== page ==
The transportation sector has been hard hit by COVID-19 as people stay home and businesses idle. Freight has performed better than passenger travel, as people still need household goods, but even trucking and rail have seen significant declines as demand from many businesses dried up, more than offsetting the increase in online shopping orders. This transportation demand shock has led to a series of bailouts from Congress with more likely to come. Standing alone is the Class I freight rail industry, which has neither asked for nor received any COVID-19 bailouts. While a number of factors have given freight rail a stronger-than-average financial footing, chief among them is the positive legacy of partial deregulation from four decades ago.
After decades of heavy regulation by the Interstate Commerce Commission, America’s railroad industry was at death’s door by the 1970s. The rise of affordable automobiles and air travel made passenger rail unpopular and unprofitable. Growing competition from trucking led to reduced freight profitability for railroads, profits that had long been used to cross-subsidize mandated passenger service. In the 1960s, a wave of consolidation and diversification took hold in the industry, most notably by the Penn Central Transportation Company, but failed to stanch the decline. Capital investment and even basic maintenance ground to a halt, leading to nearly 50,000 miles of track operating at reduced speeds to minimize the safety risk posed by dilapidated infrastructure. In a sign of the times, railroads began tracking “standing derailments,” incidents where the severely deteriorated roadbed and track caused stationary railcars to tip over. Penn Central’s 1970 bankruptcy remained the largest corporate bankruptcy in U.S. history until it was eclipsed by Enron’s collapse in 2001.
Following Penn Central’s bankruptcy, lawmakers and regulators scrambled to save the industry. This effort initially birthed Amtrak to temporarily relieve private carriers from their mandated money-losing passenger operations and later Conrail to maintain freight rail access to the Northeast and Midwest. The outright nationalization of the industry began to be discussed. Fortunately, reformers in industry, academia, the Department of Transportation, and Congress chose a different path as mounting evidence supported the conclusion that freight rail’s woes were caused by excessive regulation. The bipartisan liberalization began with the passage of the Railroad Revitalization and Regulatory Reform Act of 1976 and went full-throttle with the Staggers Rail Act of 1980, which largely freed rail carriers and customers from rigid price controls and operating requirements.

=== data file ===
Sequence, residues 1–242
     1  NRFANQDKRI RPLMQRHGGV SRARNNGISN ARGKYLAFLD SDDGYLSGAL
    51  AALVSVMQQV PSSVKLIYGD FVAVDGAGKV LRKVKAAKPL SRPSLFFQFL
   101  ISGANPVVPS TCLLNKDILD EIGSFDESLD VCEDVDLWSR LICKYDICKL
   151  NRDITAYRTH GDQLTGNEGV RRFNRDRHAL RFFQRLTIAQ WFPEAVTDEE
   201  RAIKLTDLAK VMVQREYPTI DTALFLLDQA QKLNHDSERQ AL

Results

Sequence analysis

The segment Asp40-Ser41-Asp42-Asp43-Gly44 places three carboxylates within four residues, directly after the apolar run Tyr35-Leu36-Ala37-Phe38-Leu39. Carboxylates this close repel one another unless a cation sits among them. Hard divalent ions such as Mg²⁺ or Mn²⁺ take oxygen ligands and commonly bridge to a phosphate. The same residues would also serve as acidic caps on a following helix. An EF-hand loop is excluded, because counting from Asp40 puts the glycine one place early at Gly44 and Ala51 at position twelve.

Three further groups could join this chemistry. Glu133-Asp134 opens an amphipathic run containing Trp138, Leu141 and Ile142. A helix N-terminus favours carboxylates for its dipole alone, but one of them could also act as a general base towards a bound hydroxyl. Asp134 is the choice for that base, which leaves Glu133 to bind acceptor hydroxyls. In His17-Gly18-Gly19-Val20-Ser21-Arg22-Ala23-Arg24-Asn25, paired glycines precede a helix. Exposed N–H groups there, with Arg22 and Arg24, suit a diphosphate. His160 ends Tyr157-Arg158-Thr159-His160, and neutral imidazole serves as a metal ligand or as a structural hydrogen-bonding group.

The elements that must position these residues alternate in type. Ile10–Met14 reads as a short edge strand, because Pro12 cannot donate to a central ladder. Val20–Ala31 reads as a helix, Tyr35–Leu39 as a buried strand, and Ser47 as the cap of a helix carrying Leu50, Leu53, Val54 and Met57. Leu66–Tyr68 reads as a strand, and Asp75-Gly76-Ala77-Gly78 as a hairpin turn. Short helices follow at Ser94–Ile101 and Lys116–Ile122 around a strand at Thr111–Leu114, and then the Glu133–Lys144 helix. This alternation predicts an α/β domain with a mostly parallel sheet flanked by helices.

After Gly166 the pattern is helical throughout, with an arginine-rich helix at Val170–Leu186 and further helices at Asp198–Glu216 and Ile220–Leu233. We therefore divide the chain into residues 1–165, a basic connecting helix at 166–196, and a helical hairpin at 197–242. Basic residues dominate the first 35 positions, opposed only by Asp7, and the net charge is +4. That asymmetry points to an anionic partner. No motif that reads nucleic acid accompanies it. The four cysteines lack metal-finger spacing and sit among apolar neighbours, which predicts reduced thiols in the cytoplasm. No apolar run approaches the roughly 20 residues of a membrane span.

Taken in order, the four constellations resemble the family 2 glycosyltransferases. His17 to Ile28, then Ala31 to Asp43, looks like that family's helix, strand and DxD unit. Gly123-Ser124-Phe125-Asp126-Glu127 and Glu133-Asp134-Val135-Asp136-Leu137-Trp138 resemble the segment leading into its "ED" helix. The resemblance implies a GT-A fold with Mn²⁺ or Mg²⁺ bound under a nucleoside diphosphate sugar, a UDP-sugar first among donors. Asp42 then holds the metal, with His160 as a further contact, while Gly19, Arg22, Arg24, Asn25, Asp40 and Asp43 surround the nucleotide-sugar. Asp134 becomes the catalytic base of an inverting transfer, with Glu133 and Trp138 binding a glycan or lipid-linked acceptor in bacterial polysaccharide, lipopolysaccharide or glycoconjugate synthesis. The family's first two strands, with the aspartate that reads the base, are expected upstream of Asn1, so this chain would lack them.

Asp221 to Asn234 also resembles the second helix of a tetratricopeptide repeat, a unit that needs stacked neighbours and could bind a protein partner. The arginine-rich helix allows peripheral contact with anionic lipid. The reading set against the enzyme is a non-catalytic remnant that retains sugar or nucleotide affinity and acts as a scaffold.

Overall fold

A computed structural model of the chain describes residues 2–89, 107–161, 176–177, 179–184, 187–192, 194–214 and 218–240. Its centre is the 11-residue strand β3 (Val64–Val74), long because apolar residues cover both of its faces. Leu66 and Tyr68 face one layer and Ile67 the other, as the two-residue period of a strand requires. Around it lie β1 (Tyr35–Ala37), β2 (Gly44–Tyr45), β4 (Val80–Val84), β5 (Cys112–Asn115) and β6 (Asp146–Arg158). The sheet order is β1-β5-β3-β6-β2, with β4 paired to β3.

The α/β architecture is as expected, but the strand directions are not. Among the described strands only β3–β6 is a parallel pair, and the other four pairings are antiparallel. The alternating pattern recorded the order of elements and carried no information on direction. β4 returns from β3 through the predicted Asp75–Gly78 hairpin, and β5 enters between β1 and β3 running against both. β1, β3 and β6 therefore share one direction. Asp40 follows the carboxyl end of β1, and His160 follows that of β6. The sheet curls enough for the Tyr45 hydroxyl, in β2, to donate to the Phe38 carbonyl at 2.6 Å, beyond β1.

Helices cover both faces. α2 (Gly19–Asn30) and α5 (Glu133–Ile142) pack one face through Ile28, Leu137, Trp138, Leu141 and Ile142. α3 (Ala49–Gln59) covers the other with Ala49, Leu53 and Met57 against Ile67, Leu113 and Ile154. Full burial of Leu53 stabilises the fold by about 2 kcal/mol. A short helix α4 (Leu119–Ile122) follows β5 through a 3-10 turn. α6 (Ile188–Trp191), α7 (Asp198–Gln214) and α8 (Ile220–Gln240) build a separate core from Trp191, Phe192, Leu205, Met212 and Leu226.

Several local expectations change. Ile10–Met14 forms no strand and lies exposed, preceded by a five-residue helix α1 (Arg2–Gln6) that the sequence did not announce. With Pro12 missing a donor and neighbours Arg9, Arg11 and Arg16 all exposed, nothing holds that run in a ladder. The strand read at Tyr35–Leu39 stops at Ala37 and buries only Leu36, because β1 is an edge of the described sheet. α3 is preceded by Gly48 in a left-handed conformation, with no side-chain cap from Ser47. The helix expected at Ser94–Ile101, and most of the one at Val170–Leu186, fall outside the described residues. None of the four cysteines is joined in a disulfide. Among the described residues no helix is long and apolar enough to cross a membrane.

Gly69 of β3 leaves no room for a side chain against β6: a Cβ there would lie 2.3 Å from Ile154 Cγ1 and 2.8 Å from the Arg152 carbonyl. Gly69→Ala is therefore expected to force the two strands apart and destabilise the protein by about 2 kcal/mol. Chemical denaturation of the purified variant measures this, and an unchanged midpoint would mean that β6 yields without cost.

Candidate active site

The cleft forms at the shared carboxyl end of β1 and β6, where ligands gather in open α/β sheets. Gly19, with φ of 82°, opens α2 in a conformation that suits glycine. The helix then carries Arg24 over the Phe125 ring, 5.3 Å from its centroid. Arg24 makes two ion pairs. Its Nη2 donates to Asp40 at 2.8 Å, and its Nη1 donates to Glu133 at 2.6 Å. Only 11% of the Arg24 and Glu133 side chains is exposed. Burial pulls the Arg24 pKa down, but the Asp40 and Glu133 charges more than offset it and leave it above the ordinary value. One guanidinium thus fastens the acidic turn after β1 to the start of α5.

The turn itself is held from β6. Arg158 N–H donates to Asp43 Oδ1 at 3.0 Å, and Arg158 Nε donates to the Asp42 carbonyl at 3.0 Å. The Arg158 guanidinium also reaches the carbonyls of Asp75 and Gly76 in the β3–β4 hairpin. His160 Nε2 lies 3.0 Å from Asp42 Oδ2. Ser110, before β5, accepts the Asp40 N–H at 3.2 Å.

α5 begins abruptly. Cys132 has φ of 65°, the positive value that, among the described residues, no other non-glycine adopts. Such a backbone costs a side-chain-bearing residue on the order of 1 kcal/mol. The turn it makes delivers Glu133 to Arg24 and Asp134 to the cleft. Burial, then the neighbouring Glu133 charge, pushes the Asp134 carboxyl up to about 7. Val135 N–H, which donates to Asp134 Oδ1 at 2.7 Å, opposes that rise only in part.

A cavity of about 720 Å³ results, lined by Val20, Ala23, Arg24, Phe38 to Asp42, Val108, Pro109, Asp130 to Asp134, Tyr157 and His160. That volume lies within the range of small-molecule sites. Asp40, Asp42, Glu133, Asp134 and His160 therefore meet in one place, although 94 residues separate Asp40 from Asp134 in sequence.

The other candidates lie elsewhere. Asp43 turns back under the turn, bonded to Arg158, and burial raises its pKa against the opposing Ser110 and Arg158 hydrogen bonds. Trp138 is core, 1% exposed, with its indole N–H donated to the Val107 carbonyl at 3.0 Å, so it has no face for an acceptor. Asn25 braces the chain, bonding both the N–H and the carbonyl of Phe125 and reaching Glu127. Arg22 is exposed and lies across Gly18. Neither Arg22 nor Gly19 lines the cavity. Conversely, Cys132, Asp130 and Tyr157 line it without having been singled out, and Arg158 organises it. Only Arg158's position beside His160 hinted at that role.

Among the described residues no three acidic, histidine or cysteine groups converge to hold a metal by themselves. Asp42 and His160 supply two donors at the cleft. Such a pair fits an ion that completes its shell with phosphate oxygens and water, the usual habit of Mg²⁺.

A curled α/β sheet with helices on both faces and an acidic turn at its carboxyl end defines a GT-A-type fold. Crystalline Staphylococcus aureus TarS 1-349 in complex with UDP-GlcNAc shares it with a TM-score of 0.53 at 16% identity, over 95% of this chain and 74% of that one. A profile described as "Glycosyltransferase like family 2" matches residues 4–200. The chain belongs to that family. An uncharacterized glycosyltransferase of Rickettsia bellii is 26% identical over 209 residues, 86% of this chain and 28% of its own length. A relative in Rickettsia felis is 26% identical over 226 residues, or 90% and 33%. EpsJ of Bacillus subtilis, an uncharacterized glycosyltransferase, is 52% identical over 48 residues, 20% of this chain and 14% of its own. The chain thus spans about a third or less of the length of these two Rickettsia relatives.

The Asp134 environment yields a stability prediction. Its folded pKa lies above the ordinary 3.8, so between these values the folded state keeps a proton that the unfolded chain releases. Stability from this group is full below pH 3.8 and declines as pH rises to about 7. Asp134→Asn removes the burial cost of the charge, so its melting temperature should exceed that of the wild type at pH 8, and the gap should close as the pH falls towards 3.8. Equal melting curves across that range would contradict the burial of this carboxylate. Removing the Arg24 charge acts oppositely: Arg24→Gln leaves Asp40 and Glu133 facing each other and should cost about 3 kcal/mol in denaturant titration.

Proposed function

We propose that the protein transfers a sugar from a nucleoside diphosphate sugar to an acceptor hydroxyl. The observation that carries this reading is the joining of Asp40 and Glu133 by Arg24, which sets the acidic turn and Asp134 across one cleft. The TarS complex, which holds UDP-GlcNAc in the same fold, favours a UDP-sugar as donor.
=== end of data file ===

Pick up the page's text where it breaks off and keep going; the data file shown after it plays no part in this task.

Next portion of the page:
The deregulatory reforms worked. During the last four decades, America’s private freight railroads have become profitable again, with traffic volumes up 90 percent, productivity up 150 percent, inflation-adjusted average shipping rates down 45 percent, and accidents down 80 percent. In recent years, freight railroads have been averaging $25 billion annually in network investment and their return on investment has risen from a two percent average during the 1970s to more than 10 percent during the 2010s. America’s freight rail industry went from facing an existential crisis to being the envy of the world in just a few decades.
The coronavirus pandemic has reduced road traffic by 40 percent, mass transit ridership by 80 percent, and passenger air travel by 95 percent. To date under the CARES Act, Congress has authorized bailouts of $54 billion for airlines, $10 billion for airports, and $25 billion for mass transit. Congress is beginning to debate another round of transportation sector bailouts, which may include tens of billions of dollars for state highway trust funds and a second multibillion-dollar bailout of mass transit systems. Some truckers are also seeking new regulation of freight brokerage fees in a misguided attempt to raise shipping rates that have cratered due to reduced demand.
Freight rail carriers have also seen large declines in traffic—more than 20 percent year-over-year—but they have eschewed government COVID-19 assistance. This is largely thanks to their relative financial health made possibly by partial deregulation. On recent earnings calls with investors, industry executives highlighted the resilience of the industry. “We believe BNSF has sufficient liquidity to continue business operations during this volatile period,” Berkshire Hathaway said.
Kansas City Southern’s “financial profile has never been stronger with ample liquidity and a favorable debt maturity schedule,” the company said as it reported record earnings for its first quarter of 2020.
“[Union Pacific] expects to maintain sufficient liquidity to sustain an extended period of lower volumes,” the company said in a press release.
These reassuring statements offer a rare bright spot in the stream of gloomy news coming out of the transportation sector during the pandemic.
It’s too early to tell what specific lessons can be drawn from the railroad industry’s robustness during the coronavirus pandemic. But it is clear that today’s freight railroads are still standing largely because lawmakers and regulators a generation ago recognized the power of markets and the dangers of excessive government intervention.